The Thematic Importance of Near's Character Arc (Death Note)

The Thematic Importance of Near's Character Arc (Death Note)

Near is an interesting character within the lore of Death Note, because of how much he and the second part as a whole add to the table; him being the only one to legitimately disrespect Kira to the point of underestimation, and the fact that he was the ultimate victor of this long battle, in the end, gives us massive insight into the flaws of Light, Mello, and especially L, and lets us know where they went wrong. For example, Near lets us know that the others lost because of their lust for victory and satisfaction of their respective egos, some evidence to Near not wanting that in the video you can watch through the card above; Light lost because he became far too overconfident and deranged and consequently severely underestimated his opponents.

Near | Wammy's House Character Wiki | Fandom

Mello dug a hole for himself so deep and consumed his entire being with jealousy to such an extent that by the time he cast his jealousy aside, the best he could do was enacted a plan involving his death, and if you believe that he did not plan on helping near or dying then Mello died because of one careless, jealous act, and finally, L’srefusal to accept he is wrong and refusal to believe Light isn't Kira is something Lighteasily exploited to not only kill L but clear his name long after L’s death. Except while Near does not actively lust for victory or the satisfaction of his ego, to say he wasn't susceptible to his hubris would be a mistake. Near was someone who severely underestimated right and Mikami’s intelligence, most likely because of their senses of justice, judging from how he called Takada stupid for virtually no reason at all.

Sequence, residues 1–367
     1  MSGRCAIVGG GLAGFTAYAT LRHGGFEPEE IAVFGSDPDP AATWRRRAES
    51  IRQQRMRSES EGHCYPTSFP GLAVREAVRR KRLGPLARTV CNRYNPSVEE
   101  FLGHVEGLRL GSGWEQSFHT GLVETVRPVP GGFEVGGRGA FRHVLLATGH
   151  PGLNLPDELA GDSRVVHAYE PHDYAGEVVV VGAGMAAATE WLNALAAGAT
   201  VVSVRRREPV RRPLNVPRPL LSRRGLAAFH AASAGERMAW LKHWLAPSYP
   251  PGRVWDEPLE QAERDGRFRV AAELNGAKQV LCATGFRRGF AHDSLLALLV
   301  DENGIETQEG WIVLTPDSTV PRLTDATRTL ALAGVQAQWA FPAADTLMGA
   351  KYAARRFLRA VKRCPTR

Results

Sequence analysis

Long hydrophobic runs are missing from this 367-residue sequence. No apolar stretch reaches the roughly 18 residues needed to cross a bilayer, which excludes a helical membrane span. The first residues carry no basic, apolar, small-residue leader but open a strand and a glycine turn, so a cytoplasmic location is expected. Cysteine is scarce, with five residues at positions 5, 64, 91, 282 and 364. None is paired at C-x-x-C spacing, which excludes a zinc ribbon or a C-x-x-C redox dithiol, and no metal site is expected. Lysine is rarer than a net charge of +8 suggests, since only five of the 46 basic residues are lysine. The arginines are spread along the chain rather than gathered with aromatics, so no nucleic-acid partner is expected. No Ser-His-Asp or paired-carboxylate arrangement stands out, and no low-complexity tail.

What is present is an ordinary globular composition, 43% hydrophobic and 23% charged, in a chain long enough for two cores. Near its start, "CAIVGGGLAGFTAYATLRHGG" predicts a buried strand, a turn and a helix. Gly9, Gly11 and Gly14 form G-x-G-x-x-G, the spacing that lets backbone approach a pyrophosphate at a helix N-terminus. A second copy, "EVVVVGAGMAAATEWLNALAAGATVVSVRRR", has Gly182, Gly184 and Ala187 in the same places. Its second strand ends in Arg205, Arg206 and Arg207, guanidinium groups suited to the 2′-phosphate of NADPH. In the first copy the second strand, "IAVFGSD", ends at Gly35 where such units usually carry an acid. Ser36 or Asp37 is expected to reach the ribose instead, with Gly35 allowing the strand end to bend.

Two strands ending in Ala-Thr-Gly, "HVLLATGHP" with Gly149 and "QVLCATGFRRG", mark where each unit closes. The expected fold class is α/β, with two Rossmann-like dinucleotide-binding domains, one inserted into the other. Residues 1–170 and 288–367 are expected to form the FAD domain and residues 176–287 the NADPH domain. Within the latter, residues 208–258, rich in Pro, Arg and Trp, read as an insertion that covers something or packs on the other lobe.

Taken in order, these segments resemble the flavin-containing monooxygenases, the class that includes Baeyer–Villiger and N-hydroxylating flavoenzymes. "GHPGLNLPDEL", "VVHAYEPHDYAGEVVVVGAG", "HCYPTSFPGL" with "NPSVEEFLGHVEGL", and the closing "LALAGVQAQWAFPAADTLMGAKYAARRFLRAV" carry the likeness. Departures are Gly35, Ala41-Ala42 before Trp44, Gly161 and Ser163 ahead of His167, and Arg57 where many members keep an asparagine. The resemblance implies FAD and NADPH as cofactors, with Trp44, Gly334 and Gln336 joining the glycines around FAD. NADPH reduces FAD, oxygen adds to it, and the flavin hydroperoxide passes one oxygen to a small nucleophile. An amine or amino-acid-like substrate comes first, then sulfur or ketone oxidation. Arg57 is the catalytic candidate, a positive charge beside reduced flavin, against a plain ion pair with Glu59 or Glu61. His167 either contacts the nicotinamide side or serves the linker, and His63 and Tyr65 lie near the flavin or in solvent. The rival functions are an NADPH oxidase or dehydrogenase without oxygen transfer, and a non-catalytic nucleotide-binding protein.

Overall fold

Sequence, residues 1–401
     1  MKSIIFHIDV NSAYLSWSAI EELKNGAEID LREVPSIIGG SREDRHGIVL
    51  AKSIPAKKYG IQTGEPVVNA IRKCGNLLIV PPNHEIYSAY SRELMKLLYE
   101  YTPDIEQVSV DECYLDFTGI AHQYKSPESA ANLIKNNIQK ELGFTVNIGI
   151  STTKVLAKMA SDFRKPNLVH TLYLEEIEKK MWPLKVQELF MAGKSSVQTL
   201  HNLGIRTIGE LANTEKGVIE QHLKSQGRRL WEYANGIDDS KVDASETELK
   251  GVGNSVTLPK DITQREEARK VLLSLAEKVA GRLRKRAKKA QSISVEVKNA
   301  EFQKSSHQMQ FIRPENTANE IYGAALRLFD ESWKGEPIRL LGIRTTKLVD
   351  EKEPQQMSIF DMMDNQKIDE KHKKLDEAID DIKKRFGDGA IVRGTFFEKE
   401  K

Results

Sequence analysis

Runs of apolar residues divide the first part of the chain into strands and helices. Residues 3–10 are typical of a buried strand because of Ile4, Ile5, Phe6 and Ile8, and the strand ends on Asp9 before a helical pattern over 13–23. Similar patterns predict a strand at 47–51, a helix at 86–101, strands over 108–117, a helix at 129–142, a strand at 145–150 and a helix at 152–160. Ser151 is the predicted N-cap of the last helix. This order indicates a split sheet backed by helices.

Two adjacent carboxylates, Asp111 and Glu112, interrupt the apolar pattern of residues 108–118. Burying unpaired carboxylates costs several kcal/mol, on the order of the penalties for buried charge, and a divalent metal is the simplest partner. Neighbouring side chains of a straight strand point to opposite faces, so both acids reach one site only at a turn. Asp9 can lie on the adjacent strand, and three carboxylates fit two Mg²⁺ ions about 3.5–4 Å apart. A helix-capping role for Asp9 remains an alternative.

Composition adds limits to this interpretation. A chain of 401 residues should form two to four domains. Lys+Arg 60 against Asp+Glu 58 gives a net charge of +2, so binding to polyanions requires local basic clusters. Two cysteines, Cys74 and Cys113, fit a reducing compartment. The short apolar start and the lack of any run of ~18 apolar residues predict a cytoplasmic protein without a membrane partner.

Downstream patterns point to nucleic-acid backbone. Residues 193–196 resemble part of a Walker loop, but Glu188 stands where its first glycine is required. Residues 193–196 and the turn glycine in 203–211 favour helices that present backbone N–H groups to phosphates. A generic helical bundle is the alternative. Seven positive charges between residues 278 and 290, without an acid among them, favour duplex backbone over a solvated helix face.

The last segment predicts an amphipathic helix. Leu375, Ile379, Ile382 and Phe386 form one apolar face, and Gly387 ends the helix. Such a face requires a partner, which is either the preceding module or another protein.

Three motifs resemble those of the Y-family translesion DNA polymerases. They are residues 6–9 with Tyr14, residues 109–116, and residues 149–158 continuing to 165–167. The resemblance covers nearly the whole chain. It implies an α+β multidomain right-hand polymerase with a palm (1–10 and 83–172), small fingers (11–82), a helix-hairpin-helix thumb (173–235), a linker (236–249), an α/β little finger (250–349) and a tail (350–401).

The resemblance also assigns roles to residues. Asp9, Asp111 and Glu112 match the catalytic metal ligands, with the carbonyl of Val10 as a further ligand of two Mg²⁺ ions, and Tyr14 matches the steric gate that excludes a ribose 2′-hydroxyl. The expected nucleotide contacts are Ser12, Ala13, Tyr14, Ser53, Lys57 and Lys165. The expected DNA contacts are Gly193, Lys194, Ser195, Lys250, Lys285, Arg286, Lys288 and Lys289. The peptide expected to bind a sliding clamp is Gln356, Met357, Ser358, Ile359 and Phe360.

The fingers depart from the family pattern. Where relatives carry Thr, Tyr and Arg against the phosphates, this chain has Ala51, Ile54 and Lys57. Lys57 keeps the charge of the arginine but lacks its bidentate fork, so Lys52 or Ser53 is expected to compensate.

This underestimation is why Near certainly would have lost had Mello not kidnapped Takada and consequently had Mikami expose the real notebook to Near, resulting in him learning that Mikami, Takada, and Light have formed a strategy which certainly would have killed Near, the Task Force, and the SPK, which would have resulted in Kira’s victory. Near learning of how intelligent his opponents really are was the necessary event to humble Near and teach him not to underestimate his opponents and other people, but you could learn more about this in an analysis I’lllink in the description.

Now that you know the relevant aspects of near's character arc and the most explicit ones we see in the series, I do think that this actually ties into the themes of the narrative and what we see of the flaws of light, Mello, and L. What I think Near’s character arc, him overcoming his overconfidence and discarding his ego, represents is the reinforcement of the idea of ego leading to the other characters’ downfall, it is a red herring of sorts. We see someone who was egotistical enough to not see through his opponent’s strategy because of his overconfidence, then we see that character getting rid of their overconfidence, with him getting rid of that overconfidence being the thing that saved his life. This is the perfect way to demonstrate that one's ego is usually their downfall because here we see the only surviving player having won only because of him overcoming his ego.